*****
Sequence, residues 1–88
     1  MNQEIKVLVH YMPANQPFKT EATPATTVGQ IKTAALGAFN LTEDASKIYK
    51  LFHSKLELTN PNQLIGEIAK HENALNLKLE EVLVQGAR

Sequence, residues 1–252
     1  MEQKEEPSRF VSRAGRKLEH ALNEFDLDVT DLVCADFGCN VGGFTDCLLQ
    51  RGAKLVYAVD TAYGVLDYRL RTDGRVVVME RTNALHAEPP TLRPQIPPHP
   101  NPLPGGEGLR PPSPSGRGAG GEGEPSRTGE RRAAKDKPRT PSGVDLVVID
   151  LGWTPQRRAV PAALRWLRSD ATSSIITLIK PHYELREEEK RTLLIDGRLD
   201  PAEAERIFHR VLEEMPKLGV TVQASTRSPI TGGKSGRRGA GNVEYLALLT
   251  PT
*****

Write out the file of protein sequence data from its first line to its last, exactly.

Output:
Sequence, residues 1–88
     1  MNQEIKVLVH YMPANQPFKT EATPATTVGQ IKTAALGAFN LTEDASKIYK
    51  LFHSKLELTN PNQLIGEIAK HENALNLKLE EVLVQGAR

Sequence, residues 1–252
     1  MEQKEEPSRF VSRAGRKLEH ALNEFDLDVT DLVCADFGCN VGGFTDCLLQ
    51  RGAKLVYAVD TAYGVLDYRL RTDGRVVVME RTNALHAEPP TLRPQIPPHP
   101  NPLPGGEGLR PPSPSGRGAG GEGEPSRTGE RRAAKDKPRT PSGVDLVVID
   151  LGWTPQRRAV PAALRWLRSD ATSSIITLIK PHYELREEEK RTLLIDGRLD
   201  PAEAERIFHR VLEEMPKLGV TVQASTRSPI TGGKSGRRGA GNVEYLALLT
   251  PT